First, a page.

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  • Lawrence Trousdale-Smith

Creating consistency in a new habit

Something that's really fascinated me over the last couple of years, is the following question


"why don't we do the things we know are good for us, even when we know we should be doing them?"


Why do we hit snooze when we know it will make us late and stressed, just like last time. Why do we eat the chocolate bar instead of the apple, even when we remember how bad we felt after last time. Why do we skip workouts, even when we remember regretting it last time.


So from this, we know there are at least a couple stages to forming a new habit. The first stage, before we even think about being consistent, is to be able to know and point a finger at exactly what we need to do on a daily basis.


This is where we get into outcome and process based goals. Outcomes are the things we want via the process, we can't really control them. Right now I want to achieve the one arm chinup, but that doesn't leave me with a strong idea of what I can do and tick of today.


"Approach each set with clean form, and don't train to failure" is a process goal that I can quantify. Its easy to point a finger and say a hard yes or no to, which allows me to tick it off as part of a process. This makes it as easy as possible for the mind to win at, and we want the mind to learn success. The outcome goal can be hard, and of course, hard things are often meaningful and worth pursuing, but the process to achieve that thing needs to be winnable on a consistent basis for us to ever achieve that outcome.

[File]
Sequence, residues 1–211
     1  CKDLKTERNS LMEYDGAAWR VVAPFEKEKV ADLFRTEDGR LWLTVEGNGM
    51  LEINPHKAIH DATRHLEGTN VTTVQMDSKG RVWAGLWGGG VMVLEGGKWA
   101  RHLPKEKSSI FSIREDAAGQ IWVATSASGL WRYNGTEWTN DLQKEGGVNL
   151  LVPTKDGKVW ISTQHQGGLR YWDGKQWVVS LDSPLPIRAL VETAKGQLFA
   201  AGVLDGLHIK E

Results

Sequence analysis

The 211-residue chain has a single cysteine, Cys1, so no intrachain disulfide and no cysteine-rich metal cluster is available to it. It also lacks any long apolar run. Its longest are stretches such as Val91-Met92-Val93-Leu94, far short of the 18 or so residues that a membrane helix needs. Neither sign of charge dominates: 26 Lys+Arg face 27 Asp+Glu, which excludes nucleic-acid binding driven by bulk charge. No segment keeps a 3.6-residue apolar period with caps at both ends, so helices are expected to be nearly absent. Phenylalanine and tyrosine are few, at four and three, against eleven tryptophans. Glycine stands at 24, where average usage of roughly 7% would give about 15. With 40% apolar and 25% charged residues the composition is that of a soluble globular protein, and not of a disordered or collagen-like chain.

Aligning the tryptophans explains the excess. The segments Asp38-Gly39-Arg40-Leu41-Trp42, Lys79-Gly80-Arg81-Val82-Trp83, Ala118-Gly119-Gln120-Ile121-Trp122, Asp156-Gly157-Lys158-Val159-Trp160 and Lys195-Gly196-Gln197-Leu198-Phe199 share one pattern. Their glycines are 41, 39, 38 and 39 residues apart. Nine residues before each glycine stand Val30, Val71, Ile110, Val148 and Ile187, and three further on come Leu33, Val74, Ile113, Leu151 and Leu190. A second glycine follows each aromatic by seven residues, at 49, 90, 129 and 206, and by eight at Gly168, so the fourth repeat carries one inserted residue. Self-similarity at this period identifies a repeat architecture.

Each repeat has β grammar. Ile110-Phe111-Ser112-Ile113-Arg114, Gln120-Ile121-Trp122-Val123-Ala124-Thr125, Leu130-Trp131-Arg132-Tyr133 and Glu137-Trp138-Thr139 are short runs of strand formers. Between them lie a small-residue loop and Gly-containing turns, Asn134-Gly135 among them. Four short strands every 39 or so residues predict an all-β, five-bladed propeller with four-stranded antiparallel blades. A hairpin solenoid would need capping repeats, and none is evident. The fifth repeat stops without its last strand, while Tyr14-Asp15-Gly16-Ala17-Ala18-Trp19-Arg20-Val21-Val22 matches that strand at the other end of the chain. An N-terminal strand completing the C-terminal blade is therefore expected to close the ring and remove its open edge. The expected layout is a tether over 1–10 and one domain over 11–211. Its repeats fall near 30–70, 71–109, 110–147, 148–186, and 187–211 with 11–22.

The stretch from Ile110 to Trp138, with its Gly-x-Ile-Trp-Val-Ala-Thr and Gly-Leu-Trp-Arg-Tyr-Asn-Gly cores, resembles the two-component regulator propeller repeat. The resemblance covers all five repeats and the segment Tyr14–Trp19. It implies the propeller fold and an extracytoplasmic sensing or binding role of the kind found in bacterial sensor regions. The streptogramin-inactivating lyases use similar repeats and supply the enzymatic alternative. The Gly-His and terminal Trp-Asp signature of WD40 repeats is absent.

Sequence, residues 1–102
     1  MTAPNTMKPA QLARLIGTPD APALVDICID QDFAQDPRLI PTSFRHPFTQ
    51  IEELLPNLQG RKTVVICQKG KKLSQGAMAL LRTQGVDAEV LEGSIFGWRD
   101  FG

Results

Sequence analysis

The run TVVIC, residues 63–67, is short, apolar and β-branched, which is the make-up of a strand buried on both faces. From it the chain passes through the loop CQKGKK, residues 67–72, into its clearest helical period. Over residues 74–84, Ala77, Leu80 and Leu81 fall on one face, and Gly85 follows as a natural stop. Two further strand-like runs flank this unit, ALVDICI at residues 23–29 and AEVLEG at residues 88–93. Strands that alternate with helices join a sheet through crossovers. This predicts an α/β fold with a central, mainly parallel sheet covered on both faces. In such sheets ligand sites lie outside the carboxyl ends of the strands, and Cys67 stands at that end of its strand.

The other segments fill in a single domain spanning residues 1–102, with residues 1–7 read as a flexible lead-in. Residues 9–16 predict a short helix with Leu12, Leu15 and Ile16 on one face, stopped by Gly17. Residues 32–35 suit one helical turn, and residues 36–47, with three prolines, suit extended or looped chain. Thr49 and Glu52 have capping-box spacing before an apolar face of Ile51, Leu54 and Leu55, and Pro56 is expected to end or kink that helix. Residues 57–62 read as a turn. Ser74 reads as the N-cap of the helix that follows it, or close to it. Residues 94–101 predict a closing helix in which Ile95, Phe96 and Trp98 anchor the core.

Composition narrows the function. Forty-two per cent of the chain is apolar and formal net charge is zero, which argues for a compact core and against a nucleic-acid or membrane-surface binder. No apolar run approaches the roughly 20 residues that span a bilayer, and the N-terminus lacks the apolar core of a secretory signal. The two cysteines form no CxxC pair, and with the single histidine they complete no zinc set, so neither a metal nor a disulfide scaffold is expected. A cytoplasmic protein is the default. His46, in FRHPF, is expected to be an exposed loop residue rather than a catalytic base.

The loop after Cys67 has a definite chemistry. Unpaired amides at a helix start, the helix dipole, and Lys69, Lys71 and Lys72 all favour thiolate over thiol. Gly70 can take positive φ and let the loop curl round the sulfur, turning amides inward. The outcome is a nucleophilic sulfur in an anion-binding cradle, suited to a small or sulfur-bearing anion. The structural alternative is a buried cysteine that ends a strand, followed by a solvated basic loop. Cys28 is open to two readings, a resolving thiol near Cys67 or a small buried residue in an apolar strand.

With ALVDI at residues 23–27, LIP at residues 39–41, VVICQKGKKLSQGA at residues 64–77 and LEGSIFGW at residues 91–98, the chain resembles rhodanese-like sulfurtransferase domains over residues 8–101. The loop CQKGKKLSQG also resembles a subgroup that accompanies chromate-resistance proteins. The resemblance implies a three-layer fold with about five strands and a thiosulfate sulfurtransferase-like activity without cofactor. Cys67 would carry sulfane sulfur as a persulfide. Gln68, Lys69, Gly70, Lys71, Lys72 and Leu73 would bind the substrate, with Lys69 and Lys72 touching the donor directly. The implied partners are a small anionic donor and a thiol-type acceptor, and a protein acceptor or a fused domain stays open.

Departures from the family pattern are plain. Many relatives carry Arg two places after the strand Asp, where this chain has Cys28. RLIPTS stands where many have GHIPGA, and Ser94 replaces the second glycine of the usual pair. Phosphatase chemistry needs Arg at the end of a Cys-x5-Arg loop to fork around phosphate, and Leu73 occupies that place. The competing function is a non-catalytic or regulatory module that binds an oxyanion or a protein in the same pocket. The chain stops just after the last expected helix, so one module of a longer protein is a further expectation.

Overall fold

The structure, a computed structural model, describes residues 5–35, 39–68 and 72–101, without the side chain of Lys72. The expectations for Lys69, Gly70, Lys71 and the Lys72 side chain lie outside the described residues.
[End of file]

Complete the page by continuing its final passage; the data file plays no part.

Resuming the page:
Once we've identified what daily thing we can do towards our goal, we need to make it easy for the mind to track through time. We're not great at picturing the past and future versions of our self as the same person, hence...


"Tomorrow i'm going to wake up early, workout and not eat any crap" when we said that yesterday.


"Last week I ate rubbish, but this week i'm going to be good." despite saying that same thing the week before. Our minds really have trouble with this, and therefore, we need to make it as easy as possible for the mind to visualise consistency.


For this, simplicity is key. You can see the chart I've used below to track my own. Green is a day where I've completed the habit, red is a day i didn't. The big insight here, is that the feeling of getting 3-4 greens in a row is the first reward, long before I see any benefit of stretching for 3 days. The win is the feeling of being consistent, the results of being consistent are just the outcome of the process. If I didn't complete it, I journal on why, to increase my chances of getting it done the next day.






This is not a comprehensive guide, but it certainly has turned a needle for me in making things consistent, and doing the things I know I need to be doing. Give it a try


For further insight, I would highly recommend the "Understanding myself" test be Dr Jordan Peterson, and the book "Atomic Habits" by James Clear


Lawrence







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